While Congress irons out the differences between the tax bills proposed by the House and Senate, taxpayers have been living in limbo, and putting year-end tax planning on hold.
To see how the tax bills that passed each chamber would affect Americans across a range of incomes and circumstances, Bloomberg turned to Tim Steffen, director of advanced planning at Baird Private Wealth Management.
(Related: 4 Year-End Tax Tips as Overhaul Looms)
Steffen provided eight scenarios, from a Manhattan homeowner with a $2 million salary to a renter in Milwaukee making $40,000.
Most taxpayers would do better under the Senate bill, the results show — but that’s for the first year. Keep in mind that GOP senators crafted their individual tax changes to expire in 2026. Most of the House bill’s individual tax changes are intended as permanent — except for a $300 tax credit for qualifying individuals that would expire after 2022. But the Senate’s tough budget rules mean that its “sunset” provisions are more likely to become law.
These scenarios examine only wage income and pass-through business income, and how the taxes owed on those earnings would change. They don’t examine the effects of city taxes, which can make a major difference. They also don’t examine any larger economic changes that might result under certain portions of the legislation — such as the potential for some low- and middle-income people to see higher health-insurance premiums or for investors to receive better returns based on a planned corporate tax cut.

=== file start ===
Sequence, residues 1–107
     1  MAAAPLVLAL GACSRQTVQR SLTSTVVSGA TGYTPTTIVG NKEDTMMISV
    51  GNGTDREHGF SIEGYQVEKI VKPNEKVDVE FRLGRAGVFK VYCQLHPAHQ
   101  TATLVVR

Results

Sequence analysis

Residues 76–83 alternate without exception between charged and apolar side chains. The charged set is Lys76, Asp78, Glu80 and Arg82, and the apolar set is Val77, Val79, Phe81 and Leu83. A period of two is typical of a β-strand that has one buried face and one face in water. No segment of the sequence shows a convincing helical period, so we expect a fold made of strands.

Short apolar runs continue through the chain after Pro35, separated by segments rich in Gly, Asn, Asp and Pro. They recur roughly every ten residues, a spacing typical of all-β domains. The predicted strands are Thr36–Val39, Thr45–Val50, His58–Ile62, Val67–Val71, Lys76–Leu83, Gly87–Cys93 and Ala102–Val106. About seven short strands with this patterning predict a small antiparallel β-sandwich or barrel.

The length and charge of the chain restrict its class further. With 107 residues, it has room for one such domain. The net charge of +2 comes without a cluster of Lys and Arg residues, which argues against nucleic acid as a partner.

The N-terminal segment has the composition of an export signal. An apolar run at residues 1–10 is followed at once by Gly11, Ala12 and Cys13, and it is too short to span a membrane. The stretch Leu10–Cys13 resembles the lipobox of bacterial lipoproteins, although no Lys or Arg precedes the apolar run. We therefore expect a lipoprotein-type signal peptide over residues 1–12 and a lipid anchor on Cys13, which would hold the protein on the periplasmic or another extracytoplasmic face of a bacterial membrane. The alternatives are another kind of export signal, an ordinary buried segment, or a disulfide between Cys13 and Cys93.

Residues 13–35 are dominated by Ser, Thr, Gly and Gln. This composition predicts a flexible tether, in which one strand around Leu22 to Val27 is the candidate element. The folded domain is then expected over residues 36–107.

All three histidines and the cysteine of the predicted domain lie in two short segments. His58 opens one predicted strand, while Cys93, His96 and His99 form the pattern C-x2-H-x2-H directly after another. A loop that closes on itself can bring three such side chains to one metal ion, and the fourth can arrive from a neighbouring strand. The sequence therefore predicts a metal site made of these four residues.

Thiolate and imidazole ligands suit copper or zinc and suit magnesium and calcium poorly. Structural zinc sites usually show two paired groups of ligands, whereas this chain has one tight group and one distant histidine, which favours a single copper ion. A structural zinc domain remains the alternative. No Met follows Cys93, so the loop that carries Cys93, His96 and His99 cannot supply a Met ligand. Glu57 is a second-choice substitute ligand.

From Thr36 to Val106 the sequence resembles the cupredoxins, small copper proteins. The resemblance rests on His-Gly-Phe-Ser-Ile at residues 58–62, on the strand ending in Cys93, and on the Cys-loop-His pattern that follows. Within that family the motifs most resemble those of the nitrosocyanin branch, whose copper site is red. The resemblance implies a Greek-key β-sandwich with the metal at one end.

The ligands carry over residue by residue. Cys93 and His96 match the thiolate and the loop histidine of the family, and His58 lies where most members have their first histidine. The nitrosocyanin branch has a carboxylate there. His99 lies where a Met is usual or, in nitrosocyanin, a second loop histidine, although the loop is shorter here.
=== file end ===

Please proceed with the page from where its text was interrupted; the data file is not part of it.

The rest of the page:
1. The Multimillionaires
These Manhattan residents have a jumbo mortgage (at an assumed 4% interest rate) and take a $40,000 deduction on mortgage interest; pay property taxes of $96,250 and state income tax of $135,360; and make annual charitable contributions totaling $100,000.
The differences next to current tax law stem from new limits on deductions. The Senate bill results in a lower effective tax rate than the House — largely because its top marginal tax rate is 38.5%, while the House bill retains the current 39.6% rate for top earners. (“Effective tax rate” means the overall, blended rate you pay as different tax rates are levied on your income at different thresholds.)
City taxes for these Manhattan dwellers would work out to almost 4%. Combine that with the top federal rate and top state rate, and you get a marginal rate of about 50%.
2. The Second-Home Scenario
A married couple has a primary residence in Malibu, California, and a second home in Lake Tahoe. The property tax on the Malibu home is $15,860, and $4,896 on their second home; they deduct $40,000 total in mortgage interest for the two homes; and give $50,000 to charity.
Taxpayers got hit with higher bills in only three scenarios prepared by Steffen — the Manhattan millionaires took a hit from both the House and Senate bills, and this well-off California couple would take a hit from the House bill. In this case, differences in mortgage deductibility and tax rates between the two bills played a role.
3. The Small-Business Owners
This married couple with a small manufacturing business in Pittsburgh, Pennsylvania, has $300,000 in pass-through business income. Their deductible mortgage interest adds up to $6,000; their property tax is $8,600; and they give 5% of their income to charity.